There are many things that have become synonymous with London and
one of them is the sight of a London red bus. Years ago all London buses were
double Decker buses with a driver, a conductor inside who collects fares and gives
out tickets and a permanently open rear left hand side. Things are different now
and these buses known as Routemaster's are only to be seen carrying tourists on
sight seeing tours of the capital. Most London buses are
operated by a driver only and that includes dispensing tickets although they do
also have automatic machines if you happen to know the correct fare and have the
right change. London buses although now run by a series of franchised companies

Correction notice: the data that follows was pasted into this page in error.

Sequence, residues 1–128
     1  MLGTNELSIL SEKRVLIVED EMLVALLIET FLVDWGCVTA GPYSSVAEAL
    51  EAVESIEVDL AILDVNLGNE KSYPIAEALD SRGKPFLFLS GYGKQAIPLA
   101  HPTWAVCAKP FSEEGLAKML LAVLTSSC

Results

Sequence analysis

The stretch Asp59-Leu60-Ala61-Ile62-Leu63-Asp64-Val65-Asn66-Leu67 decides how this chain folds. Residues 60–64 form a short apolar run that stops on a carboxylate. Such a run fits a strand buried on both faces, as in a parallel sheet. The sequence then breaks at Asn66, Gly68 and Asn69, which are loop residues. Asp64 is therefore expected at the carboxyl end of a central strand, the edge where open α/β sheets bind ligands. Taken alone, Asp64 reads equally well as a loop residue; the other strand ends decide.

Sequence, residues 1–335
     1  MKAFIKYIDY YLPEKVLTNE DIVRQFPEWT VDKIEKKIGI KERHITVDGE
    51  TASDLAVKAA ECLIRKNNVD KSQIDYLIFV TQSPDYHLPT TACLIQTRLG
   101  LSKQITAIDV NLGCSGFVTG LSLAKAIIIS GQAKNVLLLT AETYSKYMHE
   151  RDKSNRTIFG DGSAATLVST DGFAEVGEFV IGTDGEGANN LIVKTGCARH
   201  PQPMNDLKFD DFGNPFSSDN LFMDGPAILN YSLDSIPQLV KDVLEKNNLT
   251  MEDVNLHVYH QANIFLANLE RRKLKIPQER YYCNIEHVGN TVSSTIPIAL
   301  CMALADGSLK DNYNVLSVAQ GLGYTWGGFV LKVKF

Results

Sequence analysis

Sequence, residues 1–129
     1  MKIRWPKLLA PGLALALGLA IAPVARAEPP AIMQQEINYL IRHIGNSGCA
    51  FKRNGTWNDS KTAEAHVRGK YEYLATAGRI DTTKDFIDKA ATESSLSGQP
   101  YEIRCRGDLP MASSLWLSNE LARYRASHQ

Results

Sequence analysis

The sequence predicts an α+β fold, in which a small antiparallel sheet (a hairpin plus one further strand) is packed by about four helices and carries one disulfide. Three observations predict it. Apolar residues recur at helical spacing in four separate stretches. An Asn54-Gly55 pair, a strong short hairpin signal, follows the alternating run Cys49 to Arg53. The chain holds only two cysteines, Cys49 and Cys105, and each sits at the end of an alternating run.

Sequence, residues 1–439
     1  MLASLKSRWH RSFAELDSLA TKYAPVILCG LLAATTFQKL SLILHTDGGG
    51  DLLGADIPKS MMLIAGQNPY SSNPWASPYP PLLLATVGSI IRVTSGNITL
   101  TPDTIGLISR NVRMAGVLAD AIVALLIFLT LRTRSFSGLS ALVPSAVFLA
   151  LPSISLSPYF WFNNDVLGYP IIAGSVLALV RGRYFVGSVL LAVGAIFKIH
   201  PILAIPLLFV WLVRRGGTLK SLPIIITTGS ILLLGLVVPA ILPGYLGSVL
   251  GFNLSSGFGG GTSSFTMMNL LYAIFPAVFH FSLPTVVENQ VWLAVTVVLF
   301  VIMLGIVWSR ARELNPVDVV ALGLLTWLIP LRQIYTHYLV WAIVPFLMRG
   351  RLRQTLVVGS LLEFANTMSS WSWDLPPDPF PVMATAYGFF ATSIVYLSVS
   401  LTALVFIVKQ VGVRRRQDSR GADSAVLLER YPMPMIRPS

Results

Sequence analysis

are all still painted red. Today you are just as likely to see a single Decker as a double
Decker bus and to add to the variety London has a growing fleet of bendy buses.
These are twin single decker's joined in the middle to allow the bus to manoeuvre
around sharp corners.
On December 9th 2005 the Routemaster made its final journey along route 159 to mark the end of 50 years of London history. The journey was especially poignant as this was the last Routemaster ever built and left the
production line in 1968. The Routemaster had come to encapsulate for so many an image of London
synonymous around the world. The double Decker bus with its rear opening and unmistakable red livery will be sorely missed by many Londoners and London visitors. Indeed the bus was actually
designed specifically for use in London. When Routemaster's first made their appearance a conductor was always on board to take fares and help passengers, something not. The LTA (London transport Authority) gave the reason for pulling the Routemaster as being down to its inability to accommodate the needs of disabled passengers.